Investors shook off earlier Moderna vaccine euphoria yesterday, as a more subdued sentiment dragged UK markets into the red.
After hitting its highest level since June on Monday, London’s FTSE 100 retreated 55.96 points to 6,365.33 as traders booked their gains and remained wary of setbacks in the race towards a vaccine.
Travel and hospitality stocks that had risen over hopes of a return to normality slid, with National Express down 7p to 242.2p, JD Wetherspoon off 30p at £10.60 and British Airways owner IAG dropping 5.3p to 153.5p.
The losses, however, were not enough to offset recent market rallies, with the benchmark index still sitting at levels seen in June by close.
Separately, the pound rose against the US dollar on signs the UK and European Union are nearing a breakthrough on Brexit after David Frost, the chief negotiator, told Boris Johnson that a trade deal could be agreed as early as next Tuesday. Sterling advanced 0.4pc to $1.324.
Without another market-moving shock similar to the likes of Moderna’s 94.5pc-effective vaccine, individual stocks led movements yesterday.
Intermediate Capital Group was the top blue-chip riser, adding 123p to £16.89, after the investment firm revealed a surge in first-half profits on the back of “exceptional” investment activity since June.
The firm, which invests in a variety of assets including private debt, equity and infrastructure, reported a 29pc rise in pre-tax profits to £198m for the six months to September. It was buoyed by a 58pc rise in profits to £108m driven by the unwinding of unrealised losses on the value of its investments, as asset prices recovered following the first wave of coronavirus.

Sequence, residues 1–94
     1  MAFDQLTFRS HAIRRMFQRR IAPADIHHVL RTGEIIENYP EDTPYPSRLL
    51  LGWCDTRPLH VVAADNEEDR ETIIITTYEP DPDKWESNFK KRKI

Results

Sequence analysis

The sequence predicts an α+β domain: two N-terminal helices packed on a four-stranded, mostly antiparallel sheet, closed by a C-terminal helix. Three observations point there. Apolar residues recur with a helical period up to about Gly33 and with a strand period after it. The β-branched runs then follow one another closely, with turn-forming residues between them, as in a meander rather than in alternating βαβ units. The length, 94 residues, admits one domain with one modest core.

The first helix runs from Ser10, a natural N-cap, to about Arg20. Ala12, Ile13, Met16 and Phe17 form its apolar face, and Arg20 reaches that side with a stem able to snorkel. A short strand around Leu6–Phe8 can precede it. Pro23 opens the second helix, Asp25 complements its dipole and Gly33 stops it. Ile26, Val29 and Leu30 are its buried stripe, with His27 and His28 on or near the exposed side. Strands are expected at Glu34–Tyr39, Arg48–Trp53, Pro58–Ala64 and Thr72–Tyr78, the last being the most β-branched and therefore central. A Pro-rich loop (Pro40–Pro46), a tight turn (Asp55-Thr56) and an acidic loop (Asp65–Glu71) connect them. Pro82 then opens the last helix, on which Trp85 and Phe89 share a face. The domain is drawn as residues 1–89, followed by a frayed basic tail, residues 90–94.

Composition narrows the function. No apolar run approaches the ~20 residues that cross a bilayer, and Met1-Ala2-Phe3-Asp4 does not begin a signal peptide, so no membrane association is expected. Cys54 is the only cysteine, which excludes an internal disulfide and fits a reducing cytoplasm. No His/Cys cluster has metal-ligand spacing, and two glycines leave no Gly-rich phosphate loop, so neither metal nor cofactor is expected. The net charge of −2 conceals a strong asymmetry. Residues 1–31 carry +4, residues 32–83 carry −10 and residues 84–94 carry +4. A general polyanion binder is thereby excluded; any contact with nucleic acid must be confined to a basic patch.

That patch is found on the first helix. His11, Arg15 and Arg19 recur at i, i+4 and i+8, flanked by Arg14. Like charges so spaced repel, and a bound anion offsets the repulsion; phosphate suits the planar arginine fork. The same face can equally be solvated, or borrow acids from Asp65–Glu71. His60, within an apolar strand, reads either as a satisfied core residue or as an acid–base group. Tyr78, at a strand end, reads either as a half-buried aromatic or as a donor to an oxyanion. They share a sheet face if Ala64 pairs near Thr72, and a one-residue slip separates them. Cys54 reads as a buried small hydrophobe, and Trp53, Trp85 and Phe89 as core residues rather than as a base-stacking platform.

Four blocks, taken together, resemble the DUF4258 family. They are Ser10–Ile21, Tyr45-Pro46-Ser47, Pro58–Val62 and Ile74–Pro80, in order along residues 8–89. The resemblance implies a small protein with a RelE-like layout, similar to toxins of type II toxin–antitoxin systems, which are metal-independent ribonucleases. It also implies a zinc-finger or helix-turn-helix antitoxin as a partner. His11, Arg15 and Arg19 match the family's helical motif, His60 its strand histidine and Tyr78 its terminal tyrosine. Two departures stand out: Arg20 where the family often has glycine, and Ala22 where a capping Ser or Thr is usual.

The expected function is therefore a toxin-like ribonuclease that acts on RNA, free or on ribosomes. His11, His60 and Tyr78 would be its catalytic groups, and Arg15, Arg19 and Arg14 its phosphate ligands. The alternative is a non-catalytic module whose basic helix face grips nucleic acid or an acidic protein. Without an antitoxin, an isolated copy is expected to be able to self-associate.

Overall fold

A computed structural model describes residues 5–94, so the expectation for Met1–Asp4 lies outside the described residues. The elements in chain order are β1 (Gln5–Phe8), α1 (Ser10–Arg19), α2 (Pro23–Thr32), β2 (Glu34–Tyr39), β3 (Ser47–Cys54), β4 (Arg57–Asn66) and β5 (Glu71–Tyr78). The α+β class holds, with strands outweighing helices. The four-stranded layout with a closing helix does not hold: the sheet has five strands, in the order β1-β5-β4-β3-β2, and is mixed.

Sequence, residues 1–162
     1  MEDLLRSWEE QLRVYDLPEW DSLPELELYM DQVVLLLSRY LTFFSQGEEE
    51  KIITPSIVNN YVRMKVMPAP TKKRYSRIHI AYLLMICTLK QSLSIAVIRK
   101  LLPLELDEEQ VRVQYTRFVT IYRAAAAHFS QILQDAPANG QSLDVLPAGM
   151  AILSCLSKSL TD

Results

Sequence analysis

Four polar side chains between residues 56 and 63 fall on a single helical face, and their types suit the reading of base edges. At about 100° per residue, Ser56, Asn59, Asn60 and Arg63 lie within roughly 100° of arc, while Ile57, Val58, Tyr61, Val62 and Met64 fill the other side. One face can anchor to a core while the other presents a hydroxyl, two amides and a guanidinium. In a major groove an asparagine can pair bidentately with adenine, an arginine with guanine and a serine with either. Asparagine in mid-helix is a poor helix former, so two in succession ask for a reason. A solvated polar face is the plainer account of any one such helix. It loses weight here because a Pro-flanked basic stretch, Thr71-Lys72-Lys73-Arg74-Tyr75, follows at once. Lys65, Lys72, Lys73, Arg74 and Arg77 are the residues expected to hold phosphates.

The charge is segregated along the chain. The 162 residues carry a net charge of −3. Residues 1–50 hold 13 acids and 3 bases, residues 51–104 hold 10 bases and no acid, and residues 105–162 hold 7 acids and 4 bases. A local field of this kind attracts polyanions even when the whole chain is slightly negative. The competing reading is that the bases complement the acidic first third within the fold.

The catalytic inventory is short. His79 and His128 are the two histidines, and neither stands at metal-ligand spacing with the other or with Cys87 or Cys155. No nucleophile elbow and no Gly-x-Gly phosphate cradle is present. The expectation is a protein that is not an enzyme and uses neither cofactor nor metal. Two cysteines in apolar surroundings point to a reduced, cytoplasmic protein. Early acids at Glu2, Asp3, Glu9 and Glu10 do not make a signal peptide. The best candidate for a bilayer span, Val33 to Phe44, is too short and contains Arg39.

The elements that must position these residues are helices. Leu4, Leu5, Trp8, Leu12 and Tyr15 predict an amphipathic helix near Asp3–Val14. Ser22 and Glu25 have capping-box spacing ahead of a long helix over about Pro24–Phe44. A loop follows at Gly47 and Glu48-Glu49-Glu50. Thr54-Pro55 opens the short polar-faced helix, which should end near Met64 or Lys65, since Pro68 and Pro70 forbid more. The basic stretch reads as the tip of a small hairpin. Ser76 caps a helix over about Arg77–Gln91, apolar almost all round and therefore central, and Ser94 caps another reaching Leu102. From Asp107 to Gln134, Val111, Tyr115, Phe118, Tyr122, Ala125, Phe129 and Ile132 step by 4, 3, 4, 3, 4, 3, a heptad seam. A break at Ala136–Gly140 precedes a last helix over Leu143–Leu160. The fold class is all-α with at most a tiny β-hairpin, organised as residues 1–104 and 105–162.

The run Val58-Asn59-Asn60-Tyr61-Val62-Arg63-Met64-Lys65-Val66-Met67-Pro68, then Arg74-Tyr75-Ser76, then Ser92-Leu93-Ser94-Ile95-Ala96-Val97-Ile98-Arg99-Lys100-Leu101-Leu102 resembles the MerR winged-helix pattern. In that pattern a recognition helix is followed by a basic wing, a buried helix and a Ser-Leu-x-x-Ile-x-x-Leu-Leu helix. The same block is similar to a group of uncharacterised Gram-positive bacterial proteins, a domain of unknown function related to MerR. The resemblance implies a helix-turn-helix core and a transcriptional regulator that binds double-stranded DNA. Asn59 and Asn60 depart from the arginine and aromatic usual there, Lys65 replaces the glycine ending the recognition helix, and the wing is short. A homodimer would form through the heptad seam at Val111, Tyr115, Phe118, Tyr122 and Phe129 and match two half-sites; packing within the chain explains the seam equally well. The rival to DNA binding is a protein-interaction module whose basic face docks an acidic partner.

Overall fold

Analysts at Peel Hunt predicted the figures would spark major upgrades in expectations for the company’s current financial year.
Second in line was Imperial Brands, which rose 103p to £15.06, as the tobacco giant reported higher full-year sales.
Home repair services provider Homeserve was also on the up, adding 30p to £12.67. The FTSE 100 firm benefited from a surge in demand for home remodelling, as part of one of the few industries that has done well through the pandemic.
It posted an increase in revenue and adjusted pre-tax profit, by 17.2pc and 15.7pc respectively, and listed its dividend by 7pc to 6.2p.
Vodafone was a key drag, ending firmly in the red down 5.24p to 122.52p. This came despite its announcement over its towers giant, Vantage Towers, expecting to offer dividends worth €280m (£251m) next year.
Among other fallers was low-cost carrier easyJet, which slumped to its first-ever annual loss. EasyJet shed 15p to 762.6p. Since the Pfizer and BioNTech vaccine results just over a week ago, the stock is up around 40pc.